A fan holds up a sign in support of the USWNT's fight for equal pay at the 2020 SheBelieves Cup. (Ira L. Black/Getty Images)

With Tuesday’s win against Iran, the U.S. men’s national team guaranteed itself a spot in the Round of 16 at the World Cup in Qatar. It also guaranteed a big payday for itself and the USWNT.

The U.S. men’s and women’s national teams closed their pay gap when they agreed to historic collective bargaining agreements with the U.S. Soccer Federation in May. The agreements run through 2028 and guarantee equal World Cup prize money for both sides.

With the 1-0 victory against Iran to close out the group stage, the USMNT elevated its World Cup payout to at least $13 million, the prize money guaranteed to each team reaching the knockout stage. Split down the middle, that would give the men’s and women’s teams $6.5 million each.

The USWNT received $2 million in prize money for winning the 2015 World Cup, and then received $4 million for winning the 2019 World Cup, for $6 million total. So the women’s team would earn more for the 2022 men’s World Cup than for its last two title runs, as Lindsay Gibbs reported in her Power Plays newsletter.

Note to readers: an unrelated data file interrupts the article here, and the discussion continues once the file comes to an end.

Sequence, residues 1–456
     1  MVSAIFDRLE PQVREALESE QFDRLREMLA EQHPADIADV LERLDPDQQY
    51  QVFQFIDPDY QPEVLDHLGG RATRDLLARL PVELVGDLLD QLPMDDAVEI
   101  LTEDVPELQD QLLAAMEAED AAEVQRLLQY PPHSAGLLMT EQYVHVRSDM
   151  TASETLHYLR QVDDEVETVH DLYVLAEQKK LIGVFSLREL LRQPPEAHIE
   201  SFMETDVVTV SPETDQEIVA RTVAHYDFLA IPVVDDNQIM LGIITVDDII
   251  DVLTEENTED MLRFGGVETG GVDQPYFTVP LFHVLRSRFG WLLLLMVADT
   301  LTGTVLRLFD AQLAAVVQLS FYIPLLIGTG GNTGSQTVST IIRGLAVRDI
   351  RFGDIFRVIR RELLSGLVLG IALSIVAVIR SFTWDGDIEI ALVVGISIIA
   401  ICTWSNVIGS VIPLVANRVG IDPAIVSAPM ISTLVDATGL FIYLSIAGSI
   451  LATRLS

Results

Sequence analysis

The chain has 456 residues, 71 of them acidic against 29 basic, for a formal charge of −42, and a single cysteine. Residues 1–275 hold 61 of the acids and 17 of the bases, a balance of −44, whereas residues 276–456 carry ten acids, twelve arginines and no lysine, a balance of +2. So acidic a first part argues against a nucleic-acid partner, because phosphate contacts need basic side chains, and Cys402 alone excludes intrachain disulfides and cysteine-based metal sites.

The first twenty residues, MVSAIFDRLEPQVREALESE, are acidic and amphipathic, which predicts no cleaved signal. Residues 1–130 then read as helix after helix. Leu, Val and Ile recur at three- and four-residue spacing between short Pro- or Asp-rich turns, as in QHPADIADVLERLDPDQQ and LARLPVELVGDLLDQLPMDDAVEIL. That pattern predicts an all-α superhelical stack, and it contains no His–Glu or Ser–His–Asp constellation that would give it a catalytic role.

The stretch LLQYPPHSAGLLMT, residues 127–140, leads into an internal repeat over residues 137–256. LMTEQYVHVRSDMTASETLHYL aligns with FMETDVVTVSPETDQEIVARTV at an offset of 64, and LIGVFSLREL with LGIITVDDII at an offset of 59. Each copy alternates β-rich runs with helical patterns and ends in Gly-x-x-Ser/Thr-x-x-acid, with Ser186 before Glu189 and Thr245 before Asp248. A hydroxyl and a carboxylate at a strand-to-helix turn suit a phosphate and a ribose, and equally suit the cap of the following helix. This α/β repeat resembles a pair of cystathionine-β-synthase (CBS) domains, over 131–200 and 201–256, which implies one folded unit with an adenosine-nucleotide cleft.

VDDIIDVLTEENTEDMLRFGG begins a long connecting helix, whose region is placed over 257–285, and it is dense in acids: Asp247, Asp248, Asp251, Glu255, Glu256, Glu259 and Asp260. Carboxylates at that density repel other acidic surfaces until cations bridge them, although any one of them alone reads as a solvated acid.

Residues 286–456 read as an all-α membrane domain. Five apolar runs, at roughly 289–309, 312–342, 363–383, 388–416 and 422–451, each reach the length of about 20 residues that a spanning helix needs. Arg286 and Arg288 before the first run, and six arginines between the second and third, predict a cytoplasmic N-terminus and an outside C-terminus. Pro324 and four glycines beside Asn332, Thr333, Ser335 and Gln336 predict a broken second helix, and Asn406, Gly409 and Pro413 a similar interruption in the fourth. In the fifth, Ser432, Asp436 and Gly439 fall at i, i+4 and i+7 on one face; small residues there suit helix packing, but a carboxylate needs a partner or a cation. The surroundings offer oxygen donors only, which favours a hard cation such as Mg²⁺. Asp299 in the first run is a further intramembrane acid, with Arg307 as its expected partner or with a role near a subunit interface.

That calculation does not account for U.S. Soccer’s cut of the winnings. For the 2022 men’s World Cup, the federation will take a 10% cut, and then ”90% of World Cup prize money will be pooled and shared equally between rostered World Cup players for the WNT and MNT,” per the new CBAs – which would give the USWNT and USMNT $5.85 million each.

The USMNT could increase that payout by advancing deeper into the tournament. Teams that reach the quarterfinals earn $17 million. The fourth-place team wins $25 million; third place, $27 million; second place, $30 million; and the winner, $42 million.

The 2022 men’s World Cup purse totals $440 million overall, up from $400 million in 2018. The 2019 women’s World Cup had a total purse of $30 million, up from $15 million in 2015. The purse has not been announced for the 2023 women’s tournament.